" uisce agat agus ólann é."

Translation:You have water and you drink it.

August 26, 2014

18 Comments


https://www.duolingo.com/profile/GirlWithTheGold

I can imagine a cranky waitress giving me water but I don't touch it... "YOU HAVE WATER AND YOU DRINK IT!"

September 21, 2014

https://www.duolingo.com/profile/VincentOostelbos

Right, but I believe that would be the imperative for "drink", which I think is just "ól" in Irish rather than "ólann", right? I don't mean to trample all over your mnemonic/joke; just getting started, so just checking.

June 3, 2016

https://www.duolingo.com/profile/MarieofBovasso

I'm finding it difficult understanding why "agat" is in this sentence. I wouldn't translate this as "you have water at you", and would therefore think "tá uisce agus ólann tú é" is acceptable without it. I'd appreciate any help. :(

August 30, 2014

https://www.duolingo.com/profile/Avodah

Saying "Tá uisce" just means "water is" so it wouldn't make any sense considering what is being communicated. There are two pieces of information being given here. The first is that "you have water/water is at you", the second is "you drink it". A simpler way of saying this would be "Tá uisce agat. Ólann tú é." Hope I helped! :)

August 30, 2014

https://www.duolingo.com/profile/MarieofBovasso

Thank you! That did clear up my confusion. :')

August 31, 2014

[deactivated user]

    Because, as you said, agat mean "at you." You are basically saying "you have water at you," which is the way to say you have water because of the way the sentence is structured.

    October 24, 2018

    https://www.duolingo.com/profile/Learpholla

    You are basically saying "you have water at you,"

    Except that, just to make it clear, there is no actual word for "have" in the Irish. It's more "water is at you".

    Compare the Latin possessive construction "mihi est" ("it is to me"), Welsh (another Celtic language) "mae ... gen i" or "mae...gyda fi" ("...is with me") and the somewhat similar French "C'est à moi" ("It's mine").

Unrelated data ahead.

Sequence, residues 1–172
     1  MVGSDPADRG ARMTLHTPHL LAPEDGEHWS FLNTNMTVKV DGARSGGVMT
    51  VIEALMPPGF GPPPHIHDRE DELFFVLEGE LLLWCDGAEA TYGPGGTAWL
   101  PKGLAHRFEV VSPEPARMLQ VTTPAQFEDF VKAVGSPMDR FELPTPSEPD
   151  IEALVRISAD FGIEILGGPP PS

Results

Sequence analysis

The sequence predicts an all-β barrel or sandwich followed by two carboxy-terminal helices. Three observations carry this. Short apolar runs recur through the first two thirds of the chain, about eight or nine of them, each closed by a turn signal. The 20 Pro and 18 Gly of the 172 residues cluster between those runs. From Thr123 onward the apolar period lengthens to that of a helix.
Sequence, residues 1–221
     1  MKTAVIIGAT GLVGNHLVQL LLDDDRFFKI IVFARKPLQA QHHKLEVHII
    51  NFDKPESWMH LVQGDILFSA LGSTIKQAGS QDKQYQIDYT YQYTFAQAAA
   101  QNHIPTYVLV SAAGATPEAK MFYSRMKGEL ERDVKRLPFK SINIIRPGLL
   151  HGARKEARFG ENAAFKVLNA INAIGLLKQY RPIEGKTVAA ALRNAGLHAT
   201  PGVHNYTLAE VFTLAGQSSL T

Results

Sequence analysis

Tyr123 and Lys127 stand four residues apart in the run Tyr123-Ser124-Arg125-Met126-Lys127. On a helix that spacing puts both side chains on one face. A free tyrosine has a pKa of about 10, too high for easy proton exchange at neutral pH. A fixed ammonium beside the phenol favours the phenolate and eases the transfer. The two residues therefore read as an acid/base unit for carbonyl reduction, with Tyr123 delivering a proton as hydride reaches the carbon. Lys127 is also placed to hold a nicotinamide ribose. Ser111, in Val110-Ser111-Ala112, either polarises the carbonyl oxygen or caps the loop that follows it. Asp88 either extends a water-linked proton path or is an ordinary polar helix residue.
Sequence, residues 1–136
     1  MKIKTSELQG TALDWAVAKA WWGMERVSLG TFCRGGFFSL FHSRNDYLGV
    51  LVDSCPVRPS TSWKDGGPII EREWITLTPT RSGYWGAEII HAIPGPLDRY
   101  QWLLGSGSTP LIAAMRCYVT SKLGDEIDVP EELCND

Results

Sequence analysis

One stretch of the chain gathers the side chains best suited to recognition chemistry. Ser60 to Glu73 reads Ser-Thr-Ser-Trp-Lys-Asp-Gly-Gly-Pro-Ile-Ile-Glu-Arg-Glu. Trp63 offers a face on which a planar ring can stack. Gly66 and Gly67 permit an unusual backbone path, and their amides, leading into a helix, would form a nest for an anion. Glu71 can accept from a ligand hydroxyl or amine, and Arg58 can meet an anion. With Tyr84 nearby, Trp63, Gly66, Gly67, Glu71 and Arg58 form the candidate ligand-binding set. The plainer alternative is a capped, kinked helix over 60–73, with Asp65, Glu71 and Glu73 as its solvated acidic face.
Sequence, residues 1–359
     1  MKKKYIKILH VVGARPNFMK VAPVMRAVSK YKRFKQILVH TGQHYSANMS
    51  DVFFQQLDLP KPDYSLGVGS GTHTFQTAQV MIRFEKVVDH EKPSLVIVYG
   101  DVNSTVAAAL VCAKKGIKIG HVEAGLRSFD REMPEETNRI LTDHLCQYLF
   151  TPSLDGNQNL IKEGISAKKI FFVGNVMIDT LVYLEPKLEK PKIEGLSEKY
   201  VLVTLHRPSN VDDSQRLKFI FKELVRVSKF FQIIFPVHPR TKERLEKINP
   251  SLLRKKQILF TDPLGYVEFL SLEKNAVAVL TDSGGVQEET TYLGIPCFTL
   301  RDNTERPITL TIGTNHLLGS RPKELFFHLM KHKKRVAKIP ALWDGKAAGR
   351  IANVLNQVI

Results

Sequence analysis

October 27, 2018

    https://www.duolingo.com/profile/kieran_lillis

    Is é a type of indirect object pronoun?

    August 26, 2014

    https://www.duolingo.com/profile/jgierbo2

    i think that since ólann here has a direct object pronoun you need to use the special copula pronouns, in this case being é foe sé (he, it).

    August 26, 2014

    https://www.duolingo.com/profile/kieran_lillis

    Ok, thanks!

    August 26, 2014

    https://www.duolingo.com/profile/sualainnis

    Shouldn't "you have water and he drinks it" be correct?

    August 26, 2014

    https://www.duolingo.com/profile/jgierbo2

    no because remember the syntax verb-subject-object. If that were the case i think it would be "agus ólann sé é"

    August 26, 2014

    https://www.duolingo.com/profile/choobytoo

    I got it first time even know I thought it said "You have water and you drink him."

    January 16, 2017

    https://www.duolingo.com/profile/Q112358

    Hehehe. Yeah, "é" can mean either him or it. These sentences take on a whole new meaning if you replace them with "him" hehe

    January 16, 2017

    https://www.duolingo.com/profile/choobytoo

    It's so true though.

    January 18, 2017

    https://www.duolingo.com/profile/Lila39084

    What's the difference between "tú" and "sibh"?

    December 16, 2018

    https://www.duolingo.com/profile/davidcwalls

    Tú is singular; sibh is plural.

    December 18, 2018

    https://www.duolingo.com/profile/Lila39084

    Thank you.

    December 18, 2018
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